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Re: Intacct.com: Multiple bugs at financial services company
From: "Jeffrey W. Baker" <jwbaker () ACM ORG>
Date: Tue, 5 Sep 2000 18:15:36 -0700

On Tue, 5 Sep 2000, Nagi Prabhu wrote:

Your advisory posting outlines three areas of concern. FYI, we have
taken immediate action and have already upgraded our web service to
remedy the concerns you raised.

Specifically:

1. Clear Channel vs. SSL

By design, Intacct initially built its system to optimize
customization and give its users a choice of channels: clear (http) or
SSL (https). The reason being, that some users have older browsers
that cannot run SSL.

  As of 8/30, users who request a clear channel (http)  are denied
access.

Great!

2. Session Key This issue, was, in fact, a bug. We immediately fixed
the bug and now the session key is working as it was designed.

The session keys now seem to be assigned at random.  I consider this issue
fixed.

3. Cookie Feature / Cross-scripting

The cookie feature was designed for those users who wanted the
convenience of being able to enter and re-enter the system without an
additional login. However, there was a risk if a user visited a "evil"
site without logging out of the Intacc system, an operation could be
performed on behalf of the user from that site.

It should be noted here that this problem is pervasive on the internet
which makes many prominent web services (I won't name them here)
vulnerable. The common advice offered is to logout from any web
service deemed critical before visiting sites of questionable origin.

We are in the process of changing our application to no longer make
use of Cookies for session identification. We expect to have these
changes available in our web site within the next 10 days. These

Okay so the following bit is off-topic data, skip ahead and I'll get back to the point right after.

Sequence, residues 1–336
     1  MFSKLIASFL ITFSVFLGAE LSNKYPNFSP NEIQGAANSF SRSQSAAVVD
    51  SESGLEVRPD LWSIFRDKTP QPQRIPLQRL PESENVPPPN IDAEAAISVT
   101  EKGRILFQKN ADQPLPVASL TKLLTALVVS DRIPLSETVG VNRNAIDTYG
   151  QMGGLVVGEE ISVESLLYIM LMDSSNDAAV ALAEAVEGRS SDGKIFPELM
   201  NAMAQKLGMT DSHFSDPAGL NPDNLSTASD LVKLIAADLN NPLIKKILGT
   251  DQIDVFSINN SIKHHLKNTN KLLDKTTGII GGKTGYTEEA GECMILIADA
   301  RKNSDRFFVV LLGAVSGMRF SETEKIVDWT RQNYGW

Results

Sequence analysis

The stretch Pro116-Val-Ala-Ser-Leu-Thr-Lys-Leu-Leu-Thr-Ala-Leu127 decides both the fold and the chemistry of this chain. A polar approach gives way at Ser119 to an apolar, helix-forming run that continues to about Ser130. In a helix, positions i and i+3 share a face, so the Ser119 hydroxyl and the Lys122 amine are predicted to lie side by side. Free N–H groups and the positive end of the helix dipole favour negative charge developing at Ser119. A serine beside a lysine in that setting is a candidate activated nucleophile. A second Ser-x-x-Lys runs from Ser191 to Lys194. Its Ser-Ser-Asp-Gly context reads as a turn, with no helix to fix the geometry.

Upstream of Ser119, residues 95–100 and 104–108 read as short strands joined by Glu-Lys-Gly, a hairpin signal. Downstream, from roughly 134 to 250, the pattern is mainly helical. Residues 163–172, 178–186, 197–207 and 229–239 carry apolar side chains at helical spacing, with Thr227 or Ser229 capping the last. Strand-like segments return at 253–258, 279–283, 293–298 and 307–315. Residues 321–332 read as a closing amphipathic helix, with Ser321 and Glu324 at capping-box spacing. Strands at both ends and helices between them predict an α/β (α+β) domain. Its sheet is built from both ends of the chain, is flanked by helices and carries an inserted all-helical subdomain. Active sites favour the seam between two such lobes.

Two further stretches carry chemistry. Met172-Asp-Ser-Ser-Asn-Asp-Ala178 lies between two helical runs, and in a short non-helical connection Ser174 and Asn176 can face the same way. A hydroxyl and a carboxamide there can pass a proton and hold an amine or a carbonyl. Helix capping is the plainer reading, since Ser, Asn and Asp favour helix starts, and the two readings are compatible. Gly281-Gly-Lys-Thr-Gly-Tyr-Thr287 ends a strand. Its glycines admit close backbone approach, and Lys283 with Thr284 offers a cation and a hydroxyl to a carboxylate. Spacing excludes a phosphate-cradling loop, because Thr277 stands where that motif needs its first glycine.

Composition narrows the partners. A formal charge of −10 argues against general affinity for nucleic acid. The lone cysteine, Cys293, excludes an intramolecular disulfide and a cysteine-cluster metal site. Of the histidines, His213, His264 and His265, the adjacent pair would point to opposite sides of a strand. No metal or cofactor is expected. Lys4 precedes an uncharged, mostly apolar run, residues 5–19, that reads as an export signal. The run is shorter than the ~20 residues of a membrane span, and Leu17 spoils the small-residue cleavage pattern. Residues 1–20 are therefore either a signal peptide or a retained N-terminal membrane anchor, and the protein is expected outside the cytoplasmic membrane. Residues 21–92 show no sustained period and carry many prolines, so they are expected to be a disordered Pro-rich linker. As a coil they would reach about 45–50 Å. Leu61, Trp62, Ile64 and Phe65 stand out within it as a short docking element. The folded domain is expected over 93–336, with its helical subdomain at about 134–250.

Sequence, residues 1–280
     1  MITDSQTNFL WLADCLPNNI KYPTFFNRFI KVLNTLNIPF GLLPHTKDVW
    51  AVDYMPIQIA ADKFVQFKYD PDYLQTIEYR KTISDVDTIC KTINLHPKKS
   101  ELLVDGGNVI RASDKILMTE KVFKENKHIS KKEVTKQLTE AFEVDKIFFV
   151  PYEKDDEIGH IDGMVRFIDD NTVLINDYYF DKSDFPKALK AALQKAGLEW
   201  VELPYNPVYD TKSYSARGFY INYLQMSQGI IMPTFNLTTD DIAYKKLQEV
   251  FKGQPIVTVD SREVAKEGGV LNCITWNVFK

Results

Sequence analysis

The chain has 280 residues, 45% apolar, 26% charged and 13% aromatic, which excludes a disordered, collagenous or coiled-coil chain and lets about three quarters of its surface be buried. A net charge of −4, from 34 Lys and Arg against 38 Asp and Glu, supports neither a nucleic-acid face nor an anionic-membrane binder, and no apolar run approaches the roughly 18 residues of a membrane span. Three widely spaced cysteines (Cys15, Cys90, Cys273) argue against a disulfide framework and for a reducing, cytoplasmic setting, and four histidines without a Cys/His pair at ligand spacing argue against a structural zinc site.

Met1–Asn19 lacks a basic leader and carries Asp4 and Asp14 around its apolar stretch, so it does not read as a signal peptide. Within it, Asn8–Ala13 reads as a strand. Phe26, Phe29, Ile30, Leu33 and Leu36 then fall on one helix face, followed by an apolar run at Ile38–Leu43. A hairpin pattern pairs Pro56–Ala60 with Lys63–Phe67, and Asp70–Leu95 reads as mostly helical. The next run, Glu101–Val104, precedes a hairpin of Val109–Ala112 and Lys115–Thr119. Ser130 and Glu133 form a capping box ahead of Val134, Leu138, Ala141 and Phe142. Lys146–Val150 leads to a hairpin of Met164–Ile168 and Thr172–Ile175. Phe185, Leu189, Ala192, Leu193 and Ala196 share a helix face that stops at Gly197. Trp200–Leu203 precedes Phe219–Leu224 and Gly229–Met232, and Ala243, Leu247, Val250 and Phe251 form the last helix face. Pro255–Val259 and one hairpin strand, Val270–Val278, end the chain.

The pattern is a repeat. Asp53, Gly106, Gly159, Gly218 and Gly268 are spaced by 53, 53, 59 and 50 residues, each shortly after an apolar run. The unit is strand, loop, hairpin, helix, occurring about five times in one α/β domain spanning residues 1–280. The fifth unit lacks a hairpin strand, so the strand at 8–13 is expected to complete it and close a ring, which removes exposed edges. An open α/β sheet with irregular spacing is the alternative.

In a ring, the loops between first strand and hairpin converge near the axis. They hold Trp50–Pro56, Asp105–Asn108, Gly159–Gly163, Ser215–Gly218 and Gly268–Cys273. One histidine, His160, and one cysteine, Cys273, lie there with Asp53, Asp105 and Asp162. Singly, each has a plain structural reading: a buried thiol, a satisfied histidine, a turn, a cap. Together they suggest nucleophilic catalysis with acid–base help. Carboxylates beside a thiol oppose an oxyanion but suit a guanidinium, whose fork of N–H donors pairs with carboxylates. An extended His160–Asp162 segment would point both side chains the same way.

changes will eliminate any vulnerability from cross-scripting.

The best way to defend against unwanted user action is to use a 1-time key
for every form submission.  If the one-time key is not submitted with the
form, the form's action should not really be taken, and the user should be
alerted.

Not using cookies is a significant change, but the fact remains that you
will be using some sort of persistent authentication mechanism, and that
the key will reside on the user's browser in some fashion.  Therefore an
attacker may still be able to retrieve the key using javascript and
cross-site scripting.  A vigilant defense against cross-site scripting is
required of any website which wants to be take seriously.

Of course you are right that almost all web sites, including financial
services, banks, and trading institutions, are vulnerable to cross-site
scripting attacks.  But that doesn't mean that your fine service needs to
fall into that trap.

[snip]
To minimize the risk from security vulnerabilities Intacct has began
the process of obtaining an AICPA SysTrust audit through one of the
Big 5 accounting firms.

I would normally have a snide remark to put here.  Must be my old age.

-jwb


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